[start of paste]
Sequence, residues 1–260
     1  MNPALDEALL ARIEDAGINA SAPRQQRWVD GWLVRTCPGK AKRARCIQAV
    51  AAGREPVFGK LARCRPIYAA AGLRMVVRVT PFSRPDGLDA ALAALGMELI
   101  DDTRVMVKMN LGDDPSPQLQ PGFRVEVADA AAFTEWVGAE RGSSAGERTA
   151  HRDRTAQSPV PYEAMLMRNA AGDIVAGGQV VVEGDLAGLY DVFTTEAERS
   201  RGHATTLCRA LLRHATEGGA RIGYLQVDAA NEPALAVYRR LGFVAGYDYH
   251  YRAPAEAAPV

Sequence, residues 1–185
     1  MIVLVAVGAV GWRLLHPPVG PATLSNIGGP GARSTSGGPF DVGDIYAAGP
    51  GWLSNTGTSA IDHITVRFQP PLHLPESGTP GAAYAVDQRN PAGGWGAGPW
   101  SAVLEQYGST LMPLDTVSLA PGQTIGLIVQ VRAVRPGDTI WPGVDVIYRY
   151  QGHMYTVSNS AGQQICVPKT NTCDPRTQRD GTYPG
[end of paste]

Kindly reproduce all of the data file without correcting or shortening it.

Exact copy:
Sequence, residues 1–260
     1  MNPALDEALL ARIEDAGINA SAPRQQRWVD GWLVRTCPGK AKRARCIQAV
    51  AAGREPVFGK LARCRPIYAA AGLRMVVRVT PFSRPDGLDA ALAALGMELI
   101  DDTRVMVKMN LGDDPSPQLQ PGFRVEVADA AAFTEWVGAE RGSSAGERTA
   151  HRDRTAQSPV PYEAMLMRNA AGDIVAGGQV VVEGDLAGLY DVFTTEAERS
   201  RGHATTLCRA LLRHATEGGA RIGYLQVDAA NEPALAVYRR LGFVAGYDYH
   251  YRAPAEAAPV

Sequence, residues 1–185
     1  MIVLVAVGAV GWRLLHPPVG PATLSNIGGP GARSTSGGPF DVGDIYAAGP
    51  GWLSNTGTSA IDHITVRFQP PLHLPESGTP GAAYAVDQRN PAGGWGAGPW
   101  SAVLEQYGST LMPLDTVSLA PGQTIGLIVQ VRAVRPGDTI WPGVDVIYRY
   151  QGHMYTVSNS AGQQICVPKT NTCDPRTQRD GTYPG